The Judicial Service Commission is established under Article 171 of the Constitution and consists of the following 11 members:
The Chief Justice, who shall be the chairperson of the Commission;
One Supreme Court judge elected by the judges of the Supreme Court;
One Court of Appeal judge elected by the judges of the Court of Appeal;
One High Court judge and one magistrate, one a woman and one a man, elected by the members of the association of judges and magistrates;
Two advocates, one a woman and one a man, each of whom has at least fifteen years’ experience, elected by the members of the statutory body responsible for the professional regulation of advocates;
One person nominated by the Public Service Commission; and
One woman and one man to represent the public, not being lawyers, appointed by the President with the approval of the National Assembly.
The Chief Registrar of the Judiciary is the Secretary to the Commission.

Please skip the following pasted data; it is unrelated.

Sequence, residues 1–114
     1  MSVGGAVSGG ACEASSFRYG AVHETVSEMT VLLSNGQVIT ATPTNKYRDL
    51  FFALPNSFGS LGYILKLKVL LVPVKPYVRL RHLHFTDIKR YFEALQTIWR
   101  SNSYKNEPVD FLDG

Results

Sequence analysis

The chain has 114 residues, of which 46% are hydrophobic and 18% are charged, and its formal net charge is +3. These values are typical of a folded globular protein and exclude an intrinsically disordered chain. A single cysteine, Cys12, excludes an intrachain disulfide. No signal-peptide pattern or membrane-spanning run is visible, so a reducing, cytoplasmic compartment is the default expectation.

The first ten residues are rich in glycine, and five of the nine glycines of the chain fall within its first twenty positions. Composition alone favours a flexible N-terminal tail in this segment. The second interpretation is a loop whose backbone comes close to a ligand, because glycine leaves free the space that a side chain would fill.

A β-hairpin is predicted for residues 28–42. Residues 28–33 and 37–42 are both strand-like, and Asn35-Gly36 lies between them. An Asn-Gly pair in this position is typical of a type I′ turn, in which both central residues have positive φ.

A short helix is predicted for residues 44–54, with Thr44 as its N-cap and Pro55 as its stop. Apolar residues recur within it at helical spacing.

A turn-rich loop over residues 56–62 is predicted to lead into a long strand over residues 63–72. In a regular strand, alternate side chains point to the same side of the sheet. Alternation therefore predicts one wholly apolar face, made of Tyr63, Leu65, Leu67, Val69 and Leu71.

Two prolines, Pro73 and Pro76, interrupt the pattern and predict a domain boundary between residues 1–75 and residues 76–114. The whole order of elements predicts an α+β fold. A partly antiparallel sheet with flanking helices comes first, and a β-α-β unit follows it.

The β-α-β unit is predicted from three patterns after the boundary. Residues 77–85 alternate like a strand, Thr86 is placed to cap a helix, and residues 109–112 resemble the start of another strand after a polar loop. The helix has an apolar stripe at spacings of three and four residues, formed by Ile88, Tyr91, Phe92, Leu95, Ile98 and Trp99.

The functions of the Judicial Service Commission are to promote and facilitate the independence and accountability of the judiciary and the efficient, effective and transparent administration of justice and in doing this the JSC is to
recommend to the President persons for appointment as judges;
review and make recommendations on the conditions of service of judges and judicial officers, other than their remuneration and the staff of the Judiciary;
appoint, receive complaints against, investigate and remove from office or otherwise discipline registrars, magistrates, other judicial officers and other staff of the Judiciary, in the manner prescribed by an Act of Parliament;
prepare and implement programmes for the continuing education and training of judges and judicial officers; and
advise the national government on improving the efficiency of the administration of justice.
In the performance of its functions, the Commission is guided by competitiveness and transparent processes of appointment of judicial officers and other staff of the judiciary and the promotion of gender equality.